ClearCube and Verari Systems are each adding multi-display capabilities to their PC blade offerings.
Two IT vendors are looking to make PC blade systems easier on the eye.
Beginning June 18, ClearCube and Verari Systems each will offer blade-based computing systems that support both dual- and quad-displays.
Dual- and quad-monitor support sets ClearCube and Verari
to appeal to specific vertical users, such as traders working on the trading floors of large financial institutions, animators and other creative content users, and utility companies that need multiple displays for gas and oil exploration.
In addition, ClearCube, based in Austin, Texas, and Verari, of San Diego, each will announce a new partnership with Teradici, a new chip company that has been developing graphics and audio technology for blade PCs.
While not a new technology, blade-based computing is gaining attention as an alternative to traditional desktop computing in the enterprise. PC blades look to improve manageability and security by housing the applications, operating system and key data on the corporate networks rather than the desktop PCs. Unlike traditional thin client PCs, blade PCs support each appliance with a dedicated server.
one of the early pioneers of PC blades, has started to offer even more features with its PC blades, including a new agreement with VMware that allows for virtualization technology to work with the PC blade and the companys management software.
Besides ClearCube, other vendors have started to expand their PC blade offering as well. Hewlett-Packard announced two new PC blades on June 11 as well as improvements to its Consolidated Client Infrastructure software.
Click here to read more about HPs new CCI software and hardware.
On May 1, IBM announced that it would begin developing a new blade for server-based computing the HC-10
and had signed a development agreement with Devon IT to create thin clients that would work with the new system. The blade and thin clients will work IBMs Virtualized Hosted Client Infrastructure (CCI) software that Big Blue developed in 2005 with VMware and Citrix.
While offering a more secure product that the IT department can manage from a data center, these PC blades also cut down on the heat that can be generated by traditional desktops.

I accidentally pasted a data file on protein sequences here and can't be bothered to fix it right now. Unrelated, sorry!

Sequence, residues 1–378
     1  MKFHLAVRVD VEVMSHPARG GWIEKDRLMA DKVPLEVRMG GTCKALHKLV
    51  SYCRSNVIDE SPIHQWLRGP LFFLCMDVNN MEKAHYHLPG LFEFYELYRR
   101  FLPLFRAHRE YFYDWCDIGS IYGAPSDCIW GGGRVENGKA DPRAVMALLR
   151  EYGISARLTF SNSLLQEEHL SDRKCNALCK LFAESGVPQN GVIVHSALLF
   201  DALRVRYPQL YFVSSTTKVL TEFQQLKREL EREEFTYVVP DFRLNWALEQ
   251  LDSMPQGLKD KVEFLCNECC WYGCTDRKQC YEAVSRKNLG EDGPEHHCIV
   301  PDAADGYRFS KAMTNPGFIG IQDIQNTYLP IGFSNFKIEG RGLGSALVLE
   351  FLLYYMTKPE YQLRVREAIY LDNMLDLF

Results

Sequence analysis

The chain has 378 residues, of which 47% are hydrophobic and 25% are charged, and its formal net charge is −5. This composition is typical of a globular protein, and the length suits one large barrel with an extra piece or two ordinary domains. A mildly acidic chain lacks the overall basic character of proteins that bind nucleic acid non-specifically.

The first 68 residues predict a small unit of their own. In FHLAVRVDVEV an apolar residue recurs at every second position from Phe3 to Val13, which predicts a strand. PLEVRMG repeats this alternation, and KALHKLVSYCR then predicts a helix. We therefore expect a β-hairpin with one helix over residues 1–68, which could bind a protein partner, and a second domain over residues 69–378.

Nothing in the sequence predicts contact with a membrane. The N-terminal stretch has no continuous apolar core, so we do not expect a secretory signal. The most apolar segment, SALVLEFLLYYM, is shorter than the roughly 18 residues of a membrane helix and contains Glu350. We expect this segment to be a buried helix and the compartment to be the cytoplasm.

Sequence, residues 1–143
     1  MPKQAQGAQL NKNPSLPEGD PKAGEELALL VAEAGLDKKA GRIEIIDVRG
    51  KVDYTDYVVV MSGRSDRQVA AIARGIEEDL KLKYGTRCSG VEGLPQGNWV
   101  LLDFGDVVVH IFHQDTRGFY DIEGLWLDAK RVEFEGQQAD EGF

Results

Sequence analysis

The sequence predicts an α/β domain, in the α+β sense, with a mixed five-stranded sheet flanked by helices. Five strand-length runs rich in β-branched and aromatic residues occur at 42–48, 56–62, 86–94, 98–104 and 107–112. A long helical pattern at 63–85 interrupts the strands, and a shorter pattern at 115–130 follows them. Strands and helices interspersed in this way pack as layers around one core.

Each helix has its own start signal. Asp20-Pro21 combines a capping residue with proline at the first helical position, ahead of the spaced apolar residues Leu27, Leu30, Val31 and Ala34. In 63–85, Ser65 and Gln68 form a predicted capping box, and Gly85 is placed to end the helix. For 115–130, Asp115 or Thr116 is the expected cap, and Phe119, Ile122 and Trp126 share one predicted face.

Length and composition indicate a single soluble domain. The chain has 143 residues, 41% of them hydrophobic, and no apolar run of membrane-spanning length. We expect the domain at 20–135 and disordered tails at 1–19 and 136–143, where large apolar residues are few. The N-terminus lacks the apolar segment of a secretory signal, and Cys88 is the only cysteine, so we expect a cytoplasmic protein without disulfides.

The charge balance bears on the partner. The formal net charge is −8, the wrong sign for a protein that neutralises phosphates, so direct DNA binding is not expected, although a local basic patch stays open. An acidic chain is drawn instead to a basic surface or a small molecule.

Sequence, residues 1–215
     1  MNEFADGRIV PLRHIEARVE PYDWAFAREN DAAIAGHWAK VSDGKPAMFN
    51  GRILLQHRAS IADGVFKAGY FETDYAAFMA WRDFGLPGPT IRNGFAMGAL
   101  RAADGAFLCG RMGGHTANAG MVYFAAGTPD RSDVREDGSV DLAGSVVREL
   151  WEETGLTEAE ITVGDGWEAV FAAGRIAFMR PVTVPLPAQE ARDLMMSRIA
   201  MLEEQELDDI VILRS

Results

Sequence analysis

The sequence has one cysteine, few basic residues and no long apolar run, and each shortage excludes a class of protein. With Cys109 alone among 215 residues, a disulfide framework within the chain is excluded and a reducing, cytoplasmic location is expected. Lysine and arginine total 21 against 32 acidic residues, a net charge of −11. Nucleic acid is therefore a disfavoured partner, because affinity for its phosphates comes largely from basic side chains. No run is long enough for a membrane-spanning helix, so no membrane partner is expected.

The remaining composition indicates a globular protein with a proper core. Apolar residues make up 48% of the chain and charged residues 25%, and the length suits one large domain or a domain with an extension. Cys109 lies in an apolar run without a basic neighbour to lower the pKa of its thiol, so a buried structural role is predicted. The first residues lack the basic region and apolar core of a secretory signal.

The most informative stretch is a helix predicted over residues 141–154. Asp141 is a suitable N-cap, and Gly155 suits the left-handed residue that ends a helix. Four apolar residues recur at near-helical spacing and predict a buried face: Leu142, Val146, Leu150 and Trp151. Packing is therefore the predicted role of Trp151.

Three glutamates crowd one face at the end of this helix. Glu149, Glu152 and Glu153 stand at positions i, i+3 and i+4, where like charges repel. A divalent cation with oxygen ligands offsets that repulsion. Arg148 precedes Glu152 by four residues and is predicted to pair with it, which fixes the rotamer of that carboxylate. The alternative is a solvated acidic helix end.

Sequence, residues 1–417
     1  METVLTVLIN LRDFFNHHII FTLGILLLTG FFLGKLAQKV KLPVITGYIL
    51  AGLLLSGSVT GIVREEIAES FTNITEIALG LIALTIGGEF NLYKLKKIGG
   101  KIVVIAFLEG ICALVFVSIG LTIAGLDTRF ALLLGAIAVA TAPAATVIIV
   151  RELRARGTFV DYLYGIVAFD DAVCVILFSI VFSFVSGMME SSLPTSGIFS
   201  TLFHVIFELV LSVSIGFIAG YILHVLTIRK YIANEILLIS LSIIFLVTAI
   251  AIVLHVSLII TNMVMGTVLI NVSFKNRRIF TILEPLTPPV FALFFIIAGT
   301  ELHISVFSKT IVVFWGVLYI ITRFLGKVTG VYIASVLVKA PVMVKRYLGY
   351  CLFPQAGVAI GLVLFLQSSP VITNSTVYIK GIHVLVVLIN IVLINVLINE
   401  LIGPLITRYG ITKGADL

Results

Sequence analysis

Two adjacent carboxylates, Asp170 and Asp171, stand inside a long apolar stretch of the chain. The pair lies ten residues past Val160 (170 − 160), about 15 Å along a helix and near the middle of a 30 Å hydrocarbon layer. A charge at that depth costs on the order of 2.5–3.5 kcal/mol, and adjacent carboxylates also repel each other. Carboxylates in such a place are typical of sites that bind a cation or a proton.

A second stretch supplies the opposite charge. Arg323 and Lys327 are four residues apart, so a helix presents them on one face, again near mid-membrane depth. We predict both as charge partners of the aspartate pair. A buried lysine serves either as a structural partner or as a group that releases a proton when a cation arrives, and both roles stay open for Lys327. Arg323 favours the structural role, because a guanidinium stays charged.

"The trend in the market is primarily driven by centralized security and simplified desktop management while maintaining end-user flexibility," Mark Bowker, an analyst with the Enterprise Strategy Group wrote in an e-mail to eWEEK. "Solutions in the past have failed due to poor end-user experience, but now Verari claims that they can run over Ethernet at distances up to 3,000 [feet] without a performance hit."
As for ClearCube, Bowker said the company has been making progress with its use of virtualization technology.
"This makes sense for consolidation purposes, high availability and perhaps most importantly power and cooling initiatives," Bowker wrote.
While both thin client and PC blades have lacked the graphic and audio support of traditional laptop and notebooks, the announcements by ClearCube and Verari are looking to change that particular problem.
At the SIFMA Technology Management Conference in New York, ClearCube executives will detail three new port devicesthe I9420, I19440 and C7420that will allows the companys PC blades to support more than one display. These ports are the key devices to providing connectivity with PC blades and will allow better graphics displays through a secure IP connection.
With its VerariIP hosted desktop technology, Verari is looking to give users of its blade-based workstation products better graphics and a monitor support by allowing 1920 by 1200 resolution DVI (Digital Video Interactive) signal to travel from the data center to the workstation through a TCP/IP network. A small desktop appliance will then support the video and audio components and the USB ports.
IBM is offering blades for SMBs. Click here to read more.
Both of these technologies allows for a users desktop image to be recreated both at the desk and away from the office.
The new ClearCube and Verari products rely on ASIC microprocessor technology developed by Teradici, a new company based in British Columbia, Canada, co-found by Dan Cordingley, a former Intel executive, and Dave Hobbs.
In addition, Teradicis chip technology also will be part of the blade-based product being produced by IBM and Devon IT.
The technology that Teradici has developed, called "PC over IP," which compresses rendered display data and USB signals into a digital format and then sends a signal from a companys network through an IP network to the desktop.
The ClearCube port devices will not be available until the third quarter, while the Verari workstation product will not ship to customers until the fourth quarter. Pricing for both products has not been set as of yet.
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